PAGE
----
Here I was working with senior management teams on both sides, Google and Ascension, creating the future. That chimed with my overall conviction that technology really does have the potential to change healthcare for the better.
But over time I grew increasingly concerned about the security and privacy aspects of the deal. It became obvious that many around me in the Nightingale team also shared those anxieties.
After a while I reached a point that I suspect is familiar to most whistleblowers, where what I was witnessing was too important for me to remain silent. Two simple questions kept hounding me: did patients know about the transfer of their data to the tech giant? Should they be informed and given a chance to opt in or out?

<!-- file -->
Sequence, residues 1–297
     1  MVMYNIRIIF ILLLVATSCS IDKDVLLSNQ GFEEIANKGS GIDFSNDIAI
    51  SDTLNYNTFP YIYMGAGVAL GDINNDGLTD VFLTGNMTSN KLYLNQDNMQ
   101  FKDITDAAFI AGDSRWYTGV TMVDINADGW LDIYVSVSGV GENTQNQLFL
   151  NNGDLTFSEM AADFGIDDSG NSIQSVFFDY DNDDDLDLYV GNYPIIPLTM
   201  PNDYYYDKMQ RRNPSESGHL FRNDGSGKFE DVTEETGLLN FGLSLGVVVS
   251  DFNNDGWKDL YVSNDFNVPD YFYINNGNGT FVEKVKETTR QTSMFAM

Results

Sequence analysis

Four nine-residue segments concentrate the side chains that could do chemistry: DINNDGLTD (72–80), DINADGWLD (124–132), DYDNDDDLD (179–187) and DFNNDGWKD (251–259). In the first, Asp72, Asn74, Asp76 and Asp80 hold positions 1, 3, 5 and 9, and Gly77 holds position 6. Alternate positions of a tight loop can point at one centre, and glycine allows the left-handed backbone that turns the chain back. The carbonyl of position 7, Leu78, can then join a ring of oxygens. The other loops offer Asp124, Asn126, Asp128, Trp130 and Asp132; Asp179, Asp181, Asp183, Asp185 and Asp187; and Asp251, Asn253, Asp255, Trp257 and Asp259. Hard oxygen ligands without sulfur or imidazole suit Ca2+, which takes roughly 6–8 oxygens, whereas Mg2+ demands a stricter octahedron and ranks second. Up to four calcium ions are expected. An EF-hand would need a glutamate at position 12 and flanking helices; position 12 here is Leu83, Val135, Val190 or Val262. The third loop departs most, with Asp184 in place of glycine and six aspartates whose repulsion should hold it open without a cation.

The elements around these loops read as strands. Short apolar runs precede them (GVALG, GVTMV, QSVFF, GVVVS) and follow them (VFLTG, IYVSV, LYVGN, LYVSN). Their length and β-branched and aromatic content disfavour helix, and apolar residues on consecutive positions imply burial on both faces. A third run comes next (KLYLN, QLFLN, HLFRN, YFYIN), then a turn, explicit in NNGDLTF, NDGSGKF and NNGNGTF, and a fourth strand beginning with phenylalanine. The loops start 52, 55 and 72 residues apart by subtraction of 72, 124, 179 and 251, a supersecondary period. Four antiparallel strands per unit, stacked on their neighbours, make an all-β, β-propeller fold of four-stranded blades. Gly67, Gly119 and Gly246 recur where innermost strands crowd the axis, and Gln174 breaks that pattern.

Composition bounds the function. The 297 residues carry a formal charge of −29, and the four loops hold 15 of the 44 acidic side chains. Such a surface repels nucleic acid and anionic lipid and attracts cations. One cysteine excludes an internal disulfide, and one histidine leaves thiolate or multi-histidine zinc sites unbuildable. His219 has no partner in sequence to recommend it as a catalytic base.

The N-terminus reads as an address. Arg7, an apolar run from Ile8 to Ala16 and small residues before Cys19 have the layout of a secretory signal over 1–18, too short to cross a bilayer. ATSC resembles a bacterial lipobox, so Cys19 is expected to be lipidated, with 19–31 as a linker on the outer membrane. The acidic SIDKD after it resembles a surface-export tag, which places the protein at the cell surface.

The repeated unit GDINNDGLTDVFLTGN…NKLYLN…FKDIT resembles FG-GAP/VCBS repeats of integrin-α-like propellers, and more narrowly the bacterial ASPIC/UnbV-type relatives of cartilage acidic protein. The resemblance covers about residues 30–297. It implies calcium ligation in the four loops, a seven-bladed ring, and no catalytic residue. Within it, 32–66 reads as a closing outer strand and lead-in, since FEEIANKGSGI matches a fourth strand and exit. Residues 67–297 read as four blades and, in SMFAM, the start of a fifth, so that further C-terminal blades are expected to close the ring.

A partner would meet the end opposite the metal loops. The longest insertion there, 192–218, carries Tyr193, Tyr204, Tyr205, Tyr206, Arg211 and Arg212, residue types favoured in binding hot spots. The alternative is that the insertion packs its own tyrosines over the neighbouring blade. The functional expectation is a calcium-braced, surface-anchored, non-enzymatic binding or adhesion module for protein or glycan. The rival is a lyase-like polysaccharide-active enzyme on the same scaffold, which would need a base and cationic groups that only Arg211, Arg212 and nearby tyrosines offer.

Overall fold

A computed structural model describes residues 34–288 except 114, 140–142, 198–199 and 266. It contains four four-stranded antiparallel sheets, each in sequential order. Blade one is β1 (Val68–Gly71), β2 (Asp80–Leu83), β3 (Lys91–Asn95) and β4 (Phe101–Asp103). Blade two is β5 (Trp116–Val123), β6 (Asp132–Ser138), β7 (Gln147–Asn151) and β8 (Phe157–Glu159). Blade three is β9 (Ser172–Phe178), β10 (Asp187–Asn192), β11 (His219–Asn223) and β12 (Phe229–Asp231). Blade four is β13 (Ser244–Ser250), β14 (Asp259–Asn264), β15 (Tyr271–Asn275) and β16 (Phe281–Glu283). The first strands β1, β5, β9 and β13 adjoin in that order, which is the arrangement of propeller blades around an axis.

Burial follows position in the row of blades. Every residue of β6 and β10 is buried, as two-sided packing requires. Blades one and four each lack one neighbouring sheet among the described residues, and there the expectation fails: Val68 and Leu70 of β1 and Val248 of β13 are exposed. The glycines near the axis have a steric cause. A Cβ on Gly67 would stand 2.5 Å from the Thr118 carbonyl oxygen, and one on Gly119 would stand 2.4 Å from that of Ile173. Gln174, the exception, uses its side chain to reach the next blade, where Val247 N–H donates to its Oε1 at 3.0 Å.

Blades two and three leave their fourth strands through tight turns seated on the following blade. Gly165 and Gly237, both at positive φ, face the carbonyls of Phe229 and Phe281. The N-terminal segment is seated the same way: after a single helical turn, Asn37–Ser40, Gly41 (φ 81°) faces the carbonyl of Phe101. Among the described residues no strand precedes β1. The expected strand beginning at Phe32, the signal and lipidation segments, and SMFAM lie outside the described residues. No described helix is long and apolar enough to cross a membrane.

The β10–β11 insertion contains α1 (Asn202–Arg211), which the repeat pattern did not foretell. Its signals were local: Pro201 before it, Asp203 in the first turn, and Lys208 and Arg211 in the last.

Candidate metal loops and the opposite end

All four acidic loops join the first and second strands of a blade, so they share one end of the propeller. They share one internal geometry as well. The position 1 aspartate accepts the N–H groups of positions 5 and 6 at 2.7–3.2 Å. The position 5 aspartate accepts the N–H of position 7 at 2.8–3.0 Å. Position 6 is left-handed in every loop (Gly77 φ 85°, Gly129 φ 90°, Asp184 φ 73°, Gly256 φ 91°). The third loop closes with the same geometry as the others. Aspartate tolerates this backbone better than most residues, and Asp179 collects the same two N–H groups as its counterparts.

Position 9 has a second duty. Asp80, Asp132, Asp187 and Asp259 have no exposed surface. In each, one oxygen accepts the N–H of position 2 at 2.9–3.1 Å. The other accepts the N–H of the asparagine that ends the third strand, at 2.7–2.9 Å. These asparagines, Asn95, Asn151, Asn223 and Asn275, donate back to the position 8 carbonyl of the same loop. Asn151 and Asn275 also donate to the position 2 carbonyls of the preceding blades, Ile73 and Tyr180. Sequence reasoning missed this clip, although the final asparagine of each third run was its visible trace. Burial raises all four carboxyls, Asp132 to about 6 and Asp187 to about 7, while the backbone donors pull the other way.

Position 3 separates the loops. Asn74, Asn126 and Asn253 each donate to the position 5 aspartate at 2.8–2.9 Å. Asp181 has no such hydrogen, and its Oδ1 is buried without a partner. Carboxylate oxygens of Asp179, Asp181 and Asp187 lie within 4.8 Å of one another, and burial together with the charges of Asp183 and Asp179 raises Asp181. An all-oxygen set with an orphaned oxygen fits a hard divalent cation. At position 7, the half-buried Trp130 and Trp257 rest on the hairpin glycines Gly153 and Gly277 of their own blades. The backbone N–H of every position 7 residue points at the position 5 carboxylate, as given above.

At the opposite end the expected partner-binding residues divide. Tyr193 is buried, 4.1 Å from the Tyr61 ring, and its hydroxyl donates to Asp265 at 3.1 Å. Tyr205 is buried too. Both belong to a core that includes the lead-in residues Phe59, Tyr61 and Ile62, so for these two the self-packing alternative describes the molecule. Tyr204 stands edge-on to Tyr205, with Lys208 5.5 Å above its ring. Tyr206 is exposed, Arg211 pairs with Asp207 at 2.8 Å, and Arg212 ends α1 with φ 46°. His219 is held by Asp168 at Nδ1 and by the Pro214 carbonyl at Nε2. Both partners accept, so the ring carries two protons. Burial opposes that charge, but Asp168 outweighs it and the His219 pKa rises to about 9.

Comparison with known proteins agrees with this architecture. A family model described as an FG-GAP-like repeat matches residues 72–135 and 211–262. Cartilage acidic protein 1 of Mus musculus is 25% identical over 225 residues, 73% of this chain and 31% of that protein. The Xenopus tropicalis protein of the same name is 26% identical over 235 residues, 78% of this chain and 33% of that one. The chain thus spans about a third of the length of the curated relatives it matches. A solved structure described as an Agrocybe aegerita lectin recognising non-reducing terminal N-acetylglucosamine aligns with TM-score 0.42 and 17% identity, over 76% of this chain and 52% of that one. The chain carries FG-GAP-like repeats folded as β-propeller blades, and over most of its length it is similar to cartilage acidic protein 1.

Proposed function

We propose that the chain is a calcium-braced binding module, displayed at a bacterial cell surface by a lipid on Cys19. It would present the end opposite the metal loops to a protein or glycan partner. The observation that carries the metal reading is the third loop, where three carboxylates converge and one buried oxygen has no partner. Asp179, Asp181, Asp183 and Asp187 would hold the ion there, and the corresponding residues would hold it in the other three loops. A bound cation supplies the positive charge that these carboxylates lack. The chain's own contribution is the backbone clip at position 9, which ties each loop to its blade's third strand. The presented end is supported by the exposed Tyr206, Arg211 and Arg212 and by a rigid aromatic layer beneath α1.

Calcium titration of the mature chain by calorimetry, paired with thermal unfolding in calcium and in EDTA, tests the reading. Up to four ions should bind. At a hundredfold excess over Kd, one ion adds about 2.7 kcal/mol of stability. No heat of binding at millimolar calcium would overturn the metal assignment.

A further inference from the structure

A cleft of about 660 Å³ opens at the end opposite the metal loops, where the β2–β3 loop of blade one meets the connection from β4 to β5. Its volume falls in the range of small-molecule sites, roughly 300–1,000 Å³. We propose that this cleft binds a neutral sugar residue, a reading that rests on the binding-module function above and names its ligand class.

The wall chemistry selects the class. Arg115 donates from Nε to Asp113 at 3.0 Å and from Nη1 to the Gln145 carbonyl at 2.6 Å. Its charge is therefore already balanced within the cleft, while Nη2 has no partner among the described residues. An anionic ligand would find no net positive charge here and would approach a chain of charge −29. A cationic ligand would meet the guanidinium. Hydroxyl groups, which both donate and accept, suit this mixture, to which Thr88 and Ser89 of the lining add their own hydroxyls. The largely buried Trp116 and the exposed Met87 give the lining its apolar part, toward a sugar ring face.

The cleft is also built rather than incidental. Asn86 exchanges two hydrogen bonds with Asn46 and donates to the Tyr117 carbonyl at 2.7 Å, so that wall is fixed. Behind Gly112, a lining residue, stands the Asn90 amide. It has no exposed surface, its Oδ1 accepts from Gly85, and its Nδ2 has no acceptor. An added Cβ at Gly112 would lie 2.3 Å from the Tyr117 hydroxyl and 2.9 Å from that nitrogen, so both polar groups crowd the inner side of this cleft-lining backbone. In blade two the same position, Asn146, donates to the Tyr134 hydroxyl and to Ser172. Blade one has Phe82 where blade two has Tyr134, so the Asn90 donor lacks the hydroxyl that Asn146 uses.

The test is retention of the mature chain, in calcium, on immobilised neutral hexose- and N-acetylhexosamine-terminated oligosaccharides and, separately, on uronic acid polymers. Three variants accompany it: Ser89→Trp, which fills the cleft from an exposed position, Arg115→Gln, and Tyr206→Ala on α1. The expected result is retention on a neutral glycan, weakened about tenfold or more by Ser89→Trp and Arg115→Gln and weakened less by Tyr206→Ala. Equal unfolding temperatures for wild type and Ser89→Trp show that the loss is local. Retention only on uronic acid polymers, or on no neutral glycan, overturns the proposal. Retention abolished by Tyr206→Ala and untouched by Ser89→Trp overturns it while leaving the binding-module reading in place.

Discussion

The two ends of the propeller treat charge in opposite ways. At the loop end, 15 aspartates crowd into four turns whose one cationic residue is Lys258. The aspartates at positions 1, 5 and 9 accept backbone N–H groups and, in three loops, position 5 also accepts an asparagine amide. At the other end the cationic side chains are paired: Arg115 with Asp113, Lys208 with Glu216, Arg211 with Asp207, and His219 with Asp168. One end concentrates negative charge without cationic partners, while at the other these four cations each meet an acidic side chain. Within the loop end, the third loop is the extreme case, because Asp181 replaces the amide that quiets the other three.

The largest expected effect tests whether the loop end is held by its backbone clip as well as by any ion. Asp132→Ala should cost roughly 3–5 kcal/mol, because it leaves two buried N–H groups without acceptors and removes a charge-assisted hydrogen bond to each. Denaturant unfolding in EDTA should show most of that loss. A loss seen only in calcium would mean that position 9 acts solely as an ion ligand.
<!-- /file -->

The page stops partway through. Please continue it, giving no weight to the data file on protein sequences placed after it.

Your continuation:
The answer to the first question quickly became apparent: no. The answer to the second I became increasingly convinced about: yes. Put the two together, and how could I say nothing?
So much is at stake. Data security is important in any field, but when that data relates to the personal details of an individual’s health, it is of the utmost importance as this is the last frontier of data privacy.
Huge props to the whistleblower for having the courage to stand up to the Monster of Mountain View, their employer, and defend the public interest against surveillance capitalism. What a public service.